The Museums Port Louis: the Blue Penny Museum, the Natural History Museum of Mauritius, the Dodo and the Mikado Shell Museum.
Pictures from Port Louis (third part)
The Blue Penny Museum at Port Louis, Mauritius, in December with Christmas trees.
Port Louis has a number of highly specialized museums that are worth a visit. The best internationally-known of them is the Blue Penny Museum, a philatelic museum located in the Caudan Waterfront complex. It is open since 2001.
The Blue Penny Museum brings together collections of rare postage stamps. The two most famous of them are the orange-red one penny and the deep blue two pence, which are the first stamps issued by the Mauritius Post in 1847 and also the first ones issued by a British colony. These stamps are marked "Post Office". These words were changed to "Post Paid" in the subsequent issues. At the time, many of these stamps were used to send an invitation to a ball given by the wife of Sir William Gomm, British Governor of the island.
A Mauritian consortium led by the Mauritius Commercial Bank bought in 1993 some of these rare stamps for an amount of 2 million pounds and brought them back to the island, creating a few years later the Blue Penny Museum. For preservation reasons, copies of these valuable stamps are usually shown in the museum.
While 500 stamps of each "Post office" series were printed, only six mint stamps and twenty-one canceled stamps would be left. Excepted for private collections and the Blue Penny Museum in Port Louis, a copy of these stamps can be seen only in museums in Berlin, Stockholm, The Hague and in the British Library in London.
Besides the Blue Penny Museum, Port Louis is home also to the Mauritius Postal Museum which is adjacent to the Post Office Building. It displays the postal and philatelic heritage of Mauritius. It is run run by the Mauritius Post. The island was the fifth country in the whole world to issue stamps. The Mauritius Postal Museum is housed in a 18th century building that has been listed as a National Heritage.
The Natural History Museum of Mauritius, célèbre pour ses représentations du dodo.
The Mauritius Natural History Museum is located in the center of Port Louis, next to the Jardins de la Compagnie and its giant banyan trees. The museum, established in 1880 (making it the oldest museum in the country), specializes in the biodiversity of the Mascarene islands (Mauritius, Reunion, and Seychelles). It has a large collection of representations of land and sea fauna of Mauritius. A reconstruction of the dodo is one of the main attractions of the museum.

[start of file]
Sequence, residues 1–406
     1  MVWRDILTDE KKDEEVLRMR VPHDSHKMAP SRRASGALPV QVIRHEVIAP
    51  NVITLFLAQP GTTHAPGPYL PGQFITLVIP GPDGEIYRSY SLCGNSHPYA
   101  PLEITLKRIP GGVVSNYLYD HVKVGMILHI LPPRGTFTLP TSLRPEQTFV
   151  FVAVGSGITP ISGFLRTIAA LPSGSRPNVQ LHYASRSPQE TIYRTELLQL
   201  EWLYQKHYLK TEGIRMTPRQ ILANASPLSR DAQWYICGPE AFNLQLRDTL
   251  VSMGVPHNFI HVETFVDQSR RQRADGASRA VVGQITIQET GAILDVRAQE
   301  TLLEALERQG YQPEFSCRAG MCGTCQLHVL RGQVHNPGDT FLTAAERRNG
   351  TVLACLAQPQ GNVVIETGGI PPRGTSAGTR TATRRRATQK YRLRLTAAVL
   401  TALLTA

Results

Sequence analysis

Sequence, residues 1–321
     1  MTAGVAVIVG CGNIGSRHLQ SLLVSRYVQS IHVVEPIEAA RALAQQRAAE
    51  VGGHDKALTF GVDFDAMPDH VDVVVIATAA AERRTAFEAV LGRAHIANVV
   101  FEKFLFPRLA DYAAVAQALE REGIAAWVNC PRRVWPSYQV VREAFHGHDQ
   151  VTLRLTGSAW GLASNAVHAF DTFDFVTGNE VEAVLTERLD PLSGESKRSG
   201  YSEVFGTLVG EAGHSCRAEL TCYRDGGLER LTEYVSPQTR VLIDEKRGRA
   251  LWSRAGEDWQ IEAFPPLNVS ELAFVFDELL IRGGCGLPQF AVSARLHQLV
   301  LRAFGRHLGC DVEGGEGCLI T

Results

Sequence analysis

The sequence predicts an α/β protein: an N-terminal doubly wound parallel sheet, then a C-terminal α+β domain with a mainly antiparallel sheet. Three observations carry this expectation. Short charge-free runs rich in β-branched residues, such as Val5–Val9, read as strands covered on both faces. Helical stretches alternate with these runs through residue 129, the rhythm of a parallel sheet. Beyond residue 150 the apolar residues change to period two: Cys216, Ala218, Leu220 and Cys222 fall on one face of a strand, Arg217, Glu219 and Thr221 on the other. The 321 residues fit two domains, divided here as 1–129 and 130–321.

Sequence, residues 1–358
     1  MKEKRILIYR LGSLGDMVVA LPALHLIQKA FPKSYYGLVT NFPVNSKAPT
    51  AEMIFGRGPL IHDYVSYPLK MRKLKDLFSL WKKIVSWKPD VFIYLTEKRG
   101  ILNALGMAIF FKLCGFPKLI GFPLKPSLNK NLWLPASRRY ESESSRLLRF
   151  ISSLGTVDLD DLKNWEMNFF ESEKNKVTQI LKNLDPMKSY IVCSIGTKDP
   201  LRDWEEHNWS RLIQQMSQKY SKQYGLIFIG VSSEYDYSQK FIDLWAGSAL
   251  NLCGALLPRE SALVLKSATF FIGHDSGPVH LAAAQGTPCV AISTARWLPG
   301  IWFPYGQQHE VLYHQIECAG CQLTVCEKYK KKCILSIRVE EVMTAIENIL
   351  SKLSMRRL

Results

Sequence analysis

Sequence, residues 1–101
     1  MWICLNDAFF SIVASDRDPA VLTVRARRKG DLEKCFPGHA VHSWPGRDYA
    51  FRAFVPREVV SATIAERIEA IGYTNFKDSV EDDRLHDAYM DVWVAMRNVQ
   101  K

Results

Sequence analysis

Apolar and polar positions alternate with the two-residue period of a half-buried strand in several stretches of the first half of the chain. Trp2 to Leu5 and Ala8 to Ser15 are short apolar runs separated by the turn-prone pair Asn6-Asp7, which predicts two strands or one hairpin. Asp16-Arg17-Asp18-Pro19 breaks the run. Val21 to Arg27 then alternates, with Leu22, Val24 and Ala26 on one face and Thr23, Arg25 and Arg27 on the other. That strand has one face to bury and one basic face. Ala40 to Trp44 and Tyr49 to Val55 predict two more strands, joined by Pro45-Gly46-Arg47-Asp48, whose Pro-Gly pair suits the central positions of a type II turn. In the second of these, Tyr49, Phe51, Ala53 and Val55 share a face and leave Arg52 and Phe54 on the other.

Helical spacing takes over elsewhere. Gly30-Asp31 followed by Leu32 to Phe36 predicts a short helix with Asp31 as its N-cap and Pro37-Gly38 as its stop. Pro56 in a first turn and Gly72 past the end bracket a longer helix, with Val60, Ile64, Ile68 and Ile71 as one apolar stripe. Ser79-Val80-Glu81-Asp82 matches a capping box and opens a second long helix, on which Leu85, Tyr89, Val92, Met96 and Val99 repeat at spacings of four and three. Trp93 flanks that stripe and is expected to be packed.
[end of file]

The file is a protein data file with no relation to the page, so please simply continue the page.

The dodo (less known under its scientific name, Raphus cucullatus) is a very large bird, related to pigeons. It was endemic to Mauritius. Dodos were not able to fly since they found abundant food on earth and had no predators in Mauritius. The dodo lays only one egg a year. The arrival of settlers on the island in the 17th century, however, was fatal to Dodos. They were slaughtered for food by sailors and settlers while rats that boats had brought killed their offspring. After 80 years of human presence in Mauritius, the dodo has completely disappeared.
The dodo is not the only extinct species in the Mascarene Islands: the Rodrigues Solitaire and the Red Rails (both flightless birds), and some other endemic species also disappeared for similar reasons. But, the dodo remains the emblem of the endemic species which were completely eliminated by imported elements. It is also the national emblem of the Republic of Mauritius.
Painting of the Dodo at the Natural History Museum of Mauritius in Port Louis.
The Mauritius Institute which manages the Natural History Museum is also a study center. The Institute leads a team of international researchers who carried out excavations at Mare aux Songes near Grand Port and brings to light bones of dodos. The Mauritius Institute hosts also a rich specialized library, which is the largest of Mauritius with tens of thousands of books.
Coral and shell at the Shell Museum in Port Louis, Mauritius.
The Shell Museum at Port Louis, also known as the Mikado shell Museum, is housed on the first floor of the Mikado jewelry in the city center, near the Grand Bazaar. With some 3,000 shells of all sizes and colors, it displays the largest private collection of shells from the Indian Ocean.
The Museum of Shells was created in 1972 in Tamarin by a diving specialist, Vic Chakowa, who wanted to present his personal collection of corals and shells to the public. Later on, the museum moved to Port Louis and was enriched by the shells that the collector Descrozilles has gathered for several decades.
The Museum contains almost all kinds of shells known in the region. The shells are sorted by species. A section is devoted to anomalies and strange specimens. The shells are presented in a pleasant space, yet relatively small. The museum is visited not only by connoisseurs and collectors but also by the uninitiated who are always amazed by the beauty and diversity of molluscs: gastropods, cephalopods and others.
This friendly museum is worth a visit, especially since museums in Port Louis are a haven of peace and coolness in a hectic city with tropical temperatures. Free entry. Open weekdays (Saturday morning only).
Port Louis has still other museums like the Museum of Photography. Taking pictures inside is prohibited in some museums such as the Blue Penny Museum.